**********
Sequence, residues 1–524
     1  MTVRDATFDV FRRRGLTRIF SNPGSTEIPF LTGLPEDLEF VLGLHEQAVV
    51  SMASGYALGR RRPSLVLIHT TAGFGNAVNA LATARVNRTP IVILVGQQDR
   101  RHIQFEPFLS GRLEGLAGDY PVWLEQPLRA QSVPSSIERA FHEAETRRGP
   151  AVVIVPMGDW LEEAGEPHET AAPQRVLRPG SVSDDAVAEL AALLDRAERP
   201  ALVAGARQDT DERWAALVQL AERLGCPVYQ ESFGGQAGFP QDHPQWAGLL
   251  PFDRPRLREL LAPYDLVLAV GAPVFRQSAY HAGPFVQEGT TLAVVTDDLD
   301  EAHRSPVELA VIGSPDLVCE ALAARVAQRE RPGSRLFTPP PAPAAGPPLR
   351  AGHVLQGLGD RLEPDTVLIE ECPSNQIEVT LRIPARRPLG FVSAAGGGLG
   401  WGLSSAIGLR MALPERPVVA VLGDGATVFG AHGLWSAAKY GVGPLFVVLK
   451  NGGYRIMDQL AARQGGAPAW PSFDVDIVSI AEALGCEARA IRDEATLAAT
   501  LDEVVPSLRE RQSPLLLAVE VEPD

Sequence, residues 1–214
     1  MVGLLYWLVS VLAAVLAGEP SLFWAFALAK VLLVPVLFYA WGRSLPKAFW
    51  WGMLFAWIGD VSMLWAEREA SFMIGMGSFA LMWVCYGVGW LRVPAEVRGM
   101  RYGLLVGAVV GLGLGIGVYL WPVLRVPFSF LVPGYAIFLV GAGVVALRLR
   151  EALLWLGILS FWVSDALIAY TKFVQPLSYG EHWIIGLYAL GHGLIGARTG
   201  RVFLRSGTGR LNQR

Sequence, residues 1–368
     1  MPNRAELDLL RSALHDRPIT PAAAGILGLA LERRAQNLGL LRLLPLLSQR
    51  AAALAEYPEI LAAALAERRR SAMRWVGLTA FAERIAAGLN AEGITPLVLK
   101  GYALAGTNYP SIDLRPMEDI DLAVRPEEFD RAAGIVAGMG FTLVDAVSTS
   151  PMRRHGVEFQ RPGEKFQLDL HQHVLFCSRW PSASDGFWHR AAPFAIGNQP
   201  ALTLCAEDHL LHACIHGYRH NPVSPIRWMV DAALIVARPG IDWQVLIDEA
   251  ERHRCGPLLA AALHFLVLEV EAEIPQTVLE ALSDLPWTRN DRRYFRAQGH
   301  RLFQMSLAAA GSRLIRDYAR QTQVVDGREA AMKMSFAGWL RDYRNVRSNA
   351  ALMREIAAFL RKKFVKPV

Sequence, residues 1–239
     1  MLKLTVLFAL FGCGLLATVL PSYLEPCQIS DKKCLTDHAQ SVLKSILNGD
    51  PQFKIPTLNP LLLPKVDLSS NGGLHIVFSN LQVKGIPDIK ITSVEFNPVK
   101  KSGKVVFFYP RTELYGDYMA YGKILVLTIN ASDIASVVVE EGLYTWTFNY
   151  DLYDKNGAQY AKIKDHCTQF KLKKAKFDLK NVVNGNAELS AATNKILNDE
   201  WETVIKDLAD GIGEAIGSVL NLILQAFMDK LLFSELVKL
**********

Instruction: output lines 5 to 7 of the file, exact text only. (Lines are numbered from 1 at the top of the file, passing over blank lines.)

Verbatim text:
   151  AVVIVPMGDW LEEAGEPHET AAPQRVLRPG SVSDDAVAEL AALLDRAERP
   201  ALVAGARQDT DERWAALVQL AERLGCPVYQ ESFGGQAGFP QDHPQWAGLL
   251  PFDRPRLREL LAPYDLVLAV GAPVFRQSAY HAGPFVQEGT TLAVVTDDLD